If lily pads on a pond double the area they cover every day, and it takes 48 days to cover the pond, how long does it take them to cover 50% of the pond? (Answer at the bottom.)
The world is still looking for cost-effective substitutes for fossil fuels. Popular opinion still is heavily against nuclear, and environmental advocates still lobby against hydroelectric installations–at least in the developed world. (They don’t like it in emerging countries either, but they don’t get listened to quite as much down south.)
What’s available is wind, biofuels and solar. Wind and biofuels are stuck in controversy, so what is acceptable is solar.
Solar is hampered by its intermittent nature, unable to dispatch energy 24/7.
However, despite its cost and intermittency, solar power continues to grow. This actually seems to frustrate those who rely on free market economic theory, as they don’t understand why people buy solar installations for their rooftop when it is more expensive than other sources of energy. They don’t seem to understand that there are more signals in a free market than price. Solar can be a vanity purchase, a hedge, a political signal a Veblen good–all of these can explain many of the purchases of solar power.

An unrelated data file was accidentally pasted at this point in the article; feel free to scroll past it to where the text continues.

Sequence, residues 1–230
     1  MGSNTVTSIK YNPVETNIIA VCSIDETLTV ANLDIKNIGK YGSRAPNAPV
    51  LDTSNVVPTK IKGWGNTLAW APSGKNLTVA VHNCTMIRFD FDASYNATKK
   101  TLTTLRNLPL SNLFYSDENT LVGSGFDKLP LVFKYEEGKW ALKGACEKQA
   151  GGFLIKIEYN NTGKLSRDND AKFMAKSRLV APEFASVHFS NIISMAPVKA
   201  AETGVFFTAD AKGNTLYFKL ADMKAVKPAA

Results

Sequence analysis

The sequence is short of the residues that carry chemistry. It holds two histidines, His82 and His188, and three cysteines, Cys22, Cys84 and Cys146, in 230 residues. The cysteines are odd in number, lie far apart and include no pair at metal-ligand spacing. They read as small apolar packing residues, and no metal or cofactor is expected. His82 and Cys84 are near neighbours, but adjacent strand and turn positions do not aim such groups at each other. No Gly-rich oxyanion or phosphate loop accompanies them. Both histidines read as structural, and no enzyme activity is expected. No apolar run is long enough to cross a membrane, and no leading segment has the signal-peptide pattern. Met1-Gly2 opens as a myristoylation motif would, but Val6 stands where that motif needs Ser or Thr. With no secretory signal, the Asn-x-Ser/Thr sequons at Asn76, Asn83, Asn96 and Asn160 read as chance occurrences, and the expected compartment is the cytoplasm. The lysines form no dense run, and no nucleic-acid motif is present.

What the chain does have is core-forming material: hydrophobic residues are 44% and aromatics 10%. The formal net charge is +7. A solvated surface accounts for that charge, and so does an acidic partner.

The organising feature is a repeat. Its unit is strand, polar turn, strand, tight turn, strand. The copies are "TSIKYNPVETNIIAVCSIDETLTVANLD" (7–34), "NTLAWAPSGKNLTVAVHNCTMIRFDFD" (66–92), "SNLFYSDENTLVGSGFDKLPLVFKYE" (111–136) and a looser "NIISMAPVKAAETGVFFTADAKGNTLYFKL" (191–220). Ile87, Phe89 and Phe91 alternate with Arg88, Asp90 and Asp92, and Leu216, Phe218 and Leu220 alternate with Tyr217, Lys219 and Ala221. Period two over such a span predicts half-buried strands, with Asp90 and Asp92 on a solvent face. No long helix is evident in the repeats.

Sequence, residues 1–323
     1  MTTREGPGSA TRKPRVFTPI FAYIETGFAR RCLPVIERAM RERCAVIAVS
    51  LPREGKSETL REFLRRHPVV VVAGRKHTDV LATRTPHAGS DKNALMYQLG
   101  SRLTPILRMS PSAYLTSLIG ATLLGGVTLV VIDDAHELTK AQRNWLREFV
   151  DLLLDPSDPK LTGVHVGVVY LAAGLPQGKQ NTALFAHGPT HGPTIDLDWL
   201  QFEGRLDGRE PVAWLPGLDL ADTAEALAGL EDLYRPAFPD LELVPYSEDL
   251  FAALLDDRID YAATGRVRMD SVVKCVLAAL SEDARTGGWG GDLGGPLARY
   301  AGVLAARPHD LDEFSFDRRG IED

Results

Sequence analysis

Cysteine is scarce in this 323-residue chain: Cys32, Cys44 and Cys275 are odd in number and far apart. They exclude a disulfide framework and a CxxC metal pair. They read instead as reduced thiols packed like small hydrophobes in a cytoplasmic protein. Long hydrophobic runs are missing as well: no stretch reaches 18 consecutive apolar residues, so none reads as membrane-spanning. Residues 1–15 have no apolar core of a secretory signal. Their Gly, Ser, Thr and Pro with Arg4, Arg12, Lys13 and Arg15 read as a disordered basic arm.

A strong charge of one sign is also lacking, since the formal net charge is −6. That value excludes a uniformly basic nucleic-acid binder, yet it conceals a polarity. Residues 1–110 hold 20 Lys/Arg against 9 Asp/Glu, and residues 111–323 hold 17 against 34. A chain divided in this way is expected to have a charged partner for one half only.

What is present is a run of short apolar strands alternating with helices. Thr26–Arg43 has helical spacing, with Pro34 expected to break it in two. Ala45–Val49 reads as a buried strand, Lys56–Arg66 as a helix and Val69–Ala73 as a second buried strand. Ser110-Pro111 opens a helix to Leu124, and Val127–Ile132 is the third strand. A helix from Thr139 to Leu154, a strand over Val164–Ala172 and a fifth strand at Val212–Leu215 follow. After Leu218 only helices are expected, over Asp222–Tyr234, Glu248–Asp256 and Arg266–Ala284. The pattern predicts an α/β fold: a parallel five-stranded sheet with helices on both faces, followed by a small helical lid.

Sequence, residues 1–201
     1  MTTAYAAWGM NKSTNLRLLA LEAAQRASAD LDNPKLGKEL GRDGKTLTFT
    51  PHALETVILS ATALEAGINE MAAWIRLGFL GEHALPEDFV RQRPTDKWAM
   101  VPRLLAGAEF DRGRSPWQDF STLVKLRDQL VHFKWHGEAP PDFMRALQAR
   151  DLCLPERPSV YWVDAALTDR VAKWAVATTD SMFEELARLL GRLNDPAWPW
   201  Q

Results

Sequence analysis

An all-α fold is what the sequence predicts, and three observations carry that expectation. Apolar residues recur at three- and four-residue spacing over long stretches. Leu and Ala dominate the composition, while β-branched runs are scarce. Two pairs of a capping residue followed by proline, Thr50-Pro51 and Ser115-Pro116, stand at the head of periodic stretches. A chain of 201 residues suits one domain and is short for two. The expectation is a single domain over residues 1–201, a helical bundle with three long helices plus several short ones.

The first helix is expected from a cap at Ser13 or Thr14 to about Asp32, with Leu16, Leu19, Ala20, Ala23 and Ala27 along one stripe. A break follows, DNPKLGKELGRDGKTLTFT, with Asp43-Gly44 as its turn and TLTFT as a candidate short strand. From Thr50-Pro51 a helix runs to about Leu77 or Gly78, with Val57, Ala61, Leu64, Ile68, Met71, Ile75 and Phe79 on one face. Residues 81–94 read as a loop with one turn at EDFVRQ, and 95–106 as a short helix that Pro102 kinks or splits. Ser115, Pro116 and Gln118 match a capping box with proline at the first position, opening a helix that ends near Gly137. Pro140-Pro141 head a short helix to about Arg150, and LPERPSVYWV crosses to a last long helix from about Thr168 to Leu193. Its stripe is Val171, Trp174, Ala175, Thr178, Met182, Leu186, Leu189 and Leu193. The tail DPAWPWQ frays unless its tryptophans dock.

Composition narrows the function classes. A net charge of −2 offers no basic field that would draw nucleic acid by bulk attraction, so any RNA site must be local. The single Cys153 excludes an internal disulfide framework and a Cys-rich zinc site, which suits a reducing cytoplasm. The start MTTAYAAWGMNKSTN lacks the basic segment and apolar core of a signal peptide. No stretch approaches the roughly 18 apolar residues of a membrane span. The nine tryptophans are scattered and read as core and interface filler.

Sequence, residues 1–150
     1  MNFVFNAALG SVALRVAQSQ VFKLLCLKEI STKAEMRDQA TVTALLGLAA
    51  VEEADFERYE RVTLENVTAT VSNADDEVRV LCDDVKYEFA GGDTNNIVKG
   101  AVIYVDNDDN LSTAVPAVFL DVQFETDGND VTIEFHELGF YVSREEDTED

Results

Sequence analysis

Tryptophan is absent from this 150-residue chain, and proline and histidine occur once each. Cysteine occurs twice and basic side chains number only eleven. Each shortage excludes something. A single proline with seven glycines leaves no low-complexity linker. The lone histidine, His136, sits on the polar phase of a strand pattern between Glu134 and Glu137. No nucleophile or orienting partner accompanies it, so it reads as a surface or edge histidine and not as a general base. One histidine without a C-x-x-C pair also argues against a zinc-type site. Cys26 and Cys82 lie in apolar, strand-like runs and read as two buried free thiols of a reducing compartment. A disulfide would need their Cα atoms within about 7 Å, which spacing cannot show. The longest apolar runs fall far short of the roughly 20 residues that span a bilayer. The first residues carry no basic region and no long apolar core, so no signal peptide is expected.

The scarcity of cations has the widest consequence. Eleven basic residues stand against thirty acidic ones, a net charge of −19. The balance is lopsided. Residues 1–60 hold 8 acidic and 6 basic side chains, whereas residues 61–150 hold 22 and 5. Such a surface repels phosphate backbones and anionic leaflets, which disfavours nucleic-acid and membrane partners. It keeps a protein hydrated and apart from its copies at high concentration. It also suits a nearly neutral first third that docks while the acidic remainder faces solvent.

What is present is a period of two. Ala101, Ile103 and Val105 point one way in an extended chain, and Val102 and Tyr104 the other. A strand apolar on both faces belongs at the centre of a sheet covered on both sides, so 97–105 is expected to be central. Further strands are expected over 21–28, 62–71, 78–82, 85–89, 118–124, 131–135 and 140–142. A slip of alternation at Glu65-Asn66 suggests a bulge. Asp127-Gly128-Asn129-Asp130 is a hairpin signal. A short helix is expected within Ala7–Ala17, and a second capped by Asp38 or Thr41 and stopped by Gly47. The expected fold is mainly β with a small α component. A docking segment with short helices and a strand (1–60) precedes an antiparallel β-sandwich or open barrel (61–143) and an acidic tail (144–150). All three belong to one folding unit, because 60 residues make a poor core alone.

In 2014 global solar installations grew by 20%, to 42 GW, certainly not solar’s best year. Those installations, when added to those of previous years, mean that solar power is making a contribution to global totals. However, despite impressive growth, it is still an asterisk in world energy consumption.
Solar can show impressive curves when measured by itself. But when you look at global totals it is not so impressive.
Solar power continues to get cheaper. Five years ago the average household income of a household buying solar was $150,000. Now households earning half that can think about solar if they choose.
Solar is still more expensive than the alternatives, however, when you look at the Levelized Cost Of Energy.
So, assuming that solar power grows at 20% a year, driven by falling prices, environmental concerns and rising utility costs (which seem to pay no attention at all to the cost of fuel), what will solar look like in the near term future?
Solar power provided about 2% of all renewable energy in 2013, or about 1.12 quads. If it continues to grow at 20% a year (which is slower than the rate at which it grew in the past two decades) its delivered energy will amount to:
2020: 4 quads
2025: 10 quads
2030: 25 quads
2035: 61 quads
2040: 153 quads
2050: 952 quads
Sure hope it works out that way.
Answer: 47 days